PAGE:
Doubt with nginx configuration

I have used certbot to get my SSL certificate and everything works perfect.

The problem is that I need to use port 443 for Heroku app and it is occupied by nginx according to the modifications made by certbot.

nano /etc/nginx/sites-available/my_domain.com

server {

        root /var/www/my_domain.com/html;
        index index.html index.htm index.nginx-debian.html;

        server_name my_domain.com www.my_domain.com;

        location / {
		try_files $uri $uri/ =404;
        }

    listen [::]:443 ssl ipv6only=on; # managed by Certbot
    listen 443 ssl; # managed by Certbot
    ssl_certificate /etc/letsencrypt/live/my_domain.com/fullchain.pem; # managed by Certbot
    ssl_certificate_key /etc/letsencrypt/live/my_domain.com/privkey.pem; # managed by Certbot
    include /etc/letsencrypt/options-ssl-nginx.conf; # managed by Certbot
    ssl_dhparam /etc/letsencrypt/ssl-dhparams.pem; # managed by Certbot

    location ~ \.php$ {
			include snippets/fastcgi-php.conf;
			fastcgi_pass unix:/var/run/php/php7.4-fpm.sock;
		}

		location ~ /\.ht {
        deny all;
                }
		
}
server {
    if ($host = www.my_domain.com) {
        return 301 https://$host$request_uri;
    } # managed by Certbot


    if ($host = my_domain.com) {
        return 301 https://$host$request_uri;
    } # managed by Certbot


        listen 80;
        listen [::]:80;

        server_name my_domain.com www.my_domain.com;
    return 404; # managed by Certbot


}

Could you help me to modify the nginx file so that Heroku uses port 443 and does not lose my certificates created by certbot?

1 Like

@juanam Well, I know nothing about Heroku except what I just read on wiki. But, from that and what you said it looks like Heroku will do the listening on port 443 for the https inbound traffic. Heroku will need to have its own SSL certs for that. And, it seems to support automating that. Do these Heroku instructions help?

If Heroku will continue to talk to your nginx server, you need to resolve whether that will be with http or https. If https, you will need your existing LE certs to talk https between Heroku and nginx. Heroku will need its own certs to talk https to the client (browser or whatnot).

If Heroku talks with http to your nginx server, you can abandon your current certs and just use the Heroku cert automation at the page link I provided.

I hope this helps.

2 Likes

@MikeMcQ this solution it is not free.
I am using Heroku for free but from what I read in the shared link I have to pay dynos to include ACM for free:

All applications with paid dynos include ACM for free.

If your app is currently running on Free dynos, Heroku enables ACM automatically when you upgrade your app to use Hobby or Professional dynos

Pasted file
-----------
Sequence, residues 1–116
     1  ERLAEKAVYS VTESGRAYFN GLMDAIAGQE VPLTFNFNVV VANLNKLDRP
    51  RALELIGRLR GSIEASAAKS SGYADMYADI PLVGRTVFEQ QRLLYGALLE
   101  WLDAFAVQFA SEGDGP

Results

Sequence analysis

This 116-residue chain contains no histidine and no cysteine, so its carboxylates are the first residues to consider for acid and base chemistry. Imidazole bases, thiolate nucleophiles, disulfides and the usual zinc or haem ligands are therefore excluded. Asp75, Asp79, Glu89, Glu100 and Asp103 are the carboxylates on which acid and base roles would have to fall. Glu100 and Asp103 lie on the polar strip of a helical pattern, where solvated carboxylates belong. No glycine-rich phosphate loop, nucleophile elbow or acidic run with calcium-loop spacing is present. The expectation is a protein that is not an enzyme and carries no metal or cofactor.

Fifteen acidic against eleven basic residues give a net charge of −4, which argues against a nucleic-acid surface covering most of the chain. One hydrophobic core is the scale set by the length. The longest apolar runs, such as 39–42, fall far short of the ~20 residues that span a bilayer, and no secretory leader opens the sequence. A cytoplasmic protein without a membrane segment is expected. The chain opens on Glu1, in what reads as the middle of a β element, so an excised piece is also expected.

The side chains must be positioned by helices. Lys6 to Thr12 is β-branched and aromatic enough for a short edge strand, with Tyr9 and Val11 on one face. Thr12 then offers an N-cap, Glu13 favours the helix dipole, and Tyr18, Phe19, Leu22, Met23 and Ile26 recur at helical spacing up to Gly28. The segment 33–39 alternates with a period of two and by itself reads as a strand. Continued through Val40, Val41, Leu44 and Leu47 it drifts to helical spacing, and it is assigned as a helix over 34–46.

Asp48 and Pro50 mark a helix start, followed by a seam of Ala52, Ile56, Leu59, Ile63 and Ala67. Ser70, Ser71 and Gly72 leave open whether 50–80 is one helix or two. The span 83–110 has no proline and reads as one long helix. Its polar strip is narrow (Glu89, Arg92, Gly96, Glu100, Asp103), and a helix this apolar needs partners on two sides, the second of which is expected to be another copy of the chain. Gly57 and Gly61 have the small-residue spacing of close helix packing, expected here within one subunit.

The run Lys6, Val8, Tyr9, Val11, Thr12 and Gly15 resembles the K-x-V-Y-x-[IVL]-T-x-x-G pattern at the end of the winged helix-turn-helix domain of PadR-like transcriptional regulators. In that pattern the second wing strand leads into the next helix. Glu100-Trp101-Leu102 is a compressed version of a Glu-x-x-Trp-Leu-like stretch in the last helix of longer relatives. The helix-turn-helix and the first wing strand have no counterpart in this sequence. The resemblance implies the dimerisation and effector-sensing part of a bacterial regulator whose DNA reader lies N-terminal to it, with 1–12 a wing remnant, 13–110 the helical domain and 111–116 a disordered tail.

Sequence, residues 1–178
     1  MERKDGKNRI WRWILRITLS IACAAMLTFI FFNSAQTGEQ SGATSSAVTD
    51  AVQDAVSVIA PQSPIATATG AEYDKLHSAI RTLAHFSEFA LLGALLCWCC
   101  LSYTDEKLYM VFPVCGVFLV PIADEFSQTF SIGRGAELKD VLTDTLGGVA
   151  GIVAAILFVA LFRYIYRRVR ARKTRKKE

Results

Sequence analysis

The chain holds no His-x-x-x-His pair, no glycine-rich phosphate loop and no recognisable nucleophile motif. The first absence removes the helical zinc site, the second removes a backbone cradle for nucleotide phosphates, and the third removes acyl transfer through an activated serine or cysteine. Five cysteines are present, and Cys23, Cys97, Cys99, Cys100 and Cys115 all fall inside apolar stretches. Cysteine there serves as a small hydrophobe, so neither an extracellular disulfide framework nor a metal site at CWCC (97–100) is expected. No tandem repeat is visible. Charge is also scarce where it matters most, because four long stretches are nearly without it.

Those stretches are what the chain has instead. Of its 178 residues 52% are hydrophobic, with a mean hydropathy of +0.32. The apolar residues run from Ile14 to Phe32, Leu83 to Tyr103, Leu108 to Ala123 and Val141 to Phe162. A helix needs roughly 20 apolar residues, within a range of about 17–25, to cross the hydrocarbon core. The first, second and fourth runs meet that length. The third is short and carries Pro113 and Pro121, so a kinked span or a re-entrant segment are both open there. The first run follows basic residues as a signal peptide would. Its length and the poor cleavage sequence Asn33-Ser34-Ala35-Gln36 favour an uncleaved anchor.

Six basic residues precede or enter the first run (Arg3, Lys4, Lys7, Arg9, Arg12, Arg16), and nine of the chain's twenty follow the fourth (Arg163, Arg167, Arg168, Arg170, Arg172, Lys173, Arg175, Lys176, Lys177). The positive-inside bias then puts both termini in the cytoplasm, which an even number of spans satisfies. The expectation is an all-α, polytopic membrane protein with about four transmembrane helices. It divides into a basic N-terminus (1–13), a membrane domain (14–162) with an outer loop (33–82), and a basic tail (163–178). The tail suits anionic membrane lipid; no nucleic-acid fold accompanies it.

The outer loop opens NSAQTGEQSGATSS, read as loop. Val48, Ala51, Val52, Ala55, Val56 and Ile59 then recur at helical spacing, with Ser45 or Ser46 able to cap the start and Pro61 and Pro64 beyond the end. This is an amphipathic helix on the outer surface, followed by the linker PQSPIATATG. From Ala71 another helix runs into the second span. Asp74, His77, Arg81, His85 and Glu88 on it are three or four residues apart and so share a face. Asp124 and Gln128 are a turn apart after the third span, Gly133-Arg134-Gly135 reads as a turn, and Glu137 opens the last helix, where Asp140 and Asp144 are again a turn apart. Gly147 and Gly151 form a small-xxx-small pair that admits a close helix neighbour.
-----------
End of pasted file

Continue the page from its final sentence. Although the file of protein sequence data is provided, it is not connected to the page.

I use Free dynos.

Alternative solution:

I have read that a website can be served in SSL using any port (not just 443) for example port 8443.

I know that certbot will not accept to renew certificates automatically with that port, but that is not a problem I can use manual renewal using another challenge.

What I don't know is how to implement SSL using a non-standard port.

I have tried editing the nginx configuration that I shared before, changing the port 443 to 8443 but the web does not work.

Any suggestions for proposed solution?

That should work, but you'd need to enter the port number in the address bar too.

However, I'm curious: do you actually want to have your Heroku app directly accessible to the world wide web? It's quite common to have apps available behind a webserver such as nginx where nginx will be (partly) configured as a reverse proxy. You can read more about this here: NGINX Reverse Proxy | NGINX Plus

The idea is that only your nginx will be available to the world wide web on ports 80 (HTTP) and 443 (HTTPS) and that based on certain information (hostname, path, other info or a combination of those) will internally redirect requests to the Heroku app.

That said, I assumed Heroku was some kind of service running on your host, but after reading the Heroku Wikipedia page it seems Heroku is a bigger framework of some sorts. I have absolutely NO idea how that works or how that integrates with nginx. So the above advice might be useless.

2 Likes

Thanks to @MikeMcQ and @Osiris for helping.
I have already fixed it by making Heroku work on another port, I thought it was essential that it work on port 443 if my website was SSL, but I was not right. :blush:
BTW moderators can close this thread.

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